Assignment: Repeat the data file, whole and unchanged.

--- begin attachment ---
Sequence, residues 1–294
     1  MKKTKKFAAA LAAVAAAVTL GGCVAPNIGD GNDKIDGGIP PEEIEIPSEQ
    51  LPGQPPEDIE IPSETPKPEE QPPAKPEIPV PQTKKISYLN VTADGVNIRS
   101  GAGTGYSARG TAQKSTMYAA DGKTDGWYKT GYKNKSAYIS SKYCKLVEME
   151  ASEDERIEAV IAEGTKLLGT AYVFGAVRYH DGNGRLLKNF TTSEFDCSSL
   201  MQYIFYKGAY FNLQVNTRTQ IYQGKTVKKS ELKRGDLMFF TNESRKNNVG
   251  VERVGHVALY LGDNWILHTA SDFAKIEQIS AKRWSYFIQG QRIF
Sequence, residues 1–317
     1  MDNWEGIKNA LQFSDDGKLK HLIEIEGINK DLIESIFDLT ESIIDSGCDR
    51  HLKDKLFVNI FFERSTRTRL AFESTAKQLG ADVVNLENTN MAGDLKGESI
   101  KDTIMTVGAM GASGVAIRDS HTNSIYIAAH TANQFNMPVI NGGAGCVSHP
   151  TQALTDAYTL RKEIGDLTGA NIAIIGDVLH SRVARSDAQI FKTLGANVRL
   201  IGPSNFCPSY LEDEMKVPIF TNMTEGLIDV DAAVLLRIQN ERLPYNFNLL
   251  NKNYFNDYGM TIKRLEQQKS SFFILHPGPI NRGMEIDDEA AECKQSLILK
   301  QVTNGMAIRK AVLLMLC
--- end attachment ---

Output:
Sequence, residues 1–294
     1  MKKTKKFAAA LAAVAAAVTL GGCVAPNIGD GNDKIDGGIP PEEIEIPSEQ
    51  LPGQPPEDIE IPSETPKPEE QPPAKPEIPV PQTKKISYLN VTADGVNIRS
   101  GAGTGYSARG TAQKSTMYAA DGKTDGWYKT GYKNKSAYIS SKYCKLVEME
   151  ASEDERIEAV IAEGTKLLGT AYVFGAVRYH DGNGRLLKNF TTSEFDCSSL
   201  MQYIFYKGAY FNLQVNTRTQ IYQGKTVKKS ELKRGDLMFF TNESRKNNVG
   251  VERVGHVALY LGDNWILHTA SDFAKIEQIS AKRWSYFIQG QRIF
Sequence, residues 1–317
     1  MDNWEGIKNA LQFSDDGKLK HLIEIEGINK DLIESIFDLT ESIIDSGCDR
    51  HLKDKLFVNI FFERSTRTRL AFESTAKQLG ADVVNLENTN MAGDLKGESI
   101  KDTIMTVGAM GASGVAIRDS HTNSIYIAAH TANQFNMPVI NGGAGCVSHP
   151  TQALTDAYTL RKEIGDLTGA NIAIIGDVLH SRVARSDAQI FKTLGANVRL
   201  IGPSNFCPSY LEDEMKVPIF TNMTEGLIDV DAAVLLRIQN ERLPYNFNLL
   251  NKNYFNDYGM TIKRLEQQKS SFFILHPGPI NRGMEIDDEA AECKQSLILK
   301  QVTNGMAIRK AVLLMLC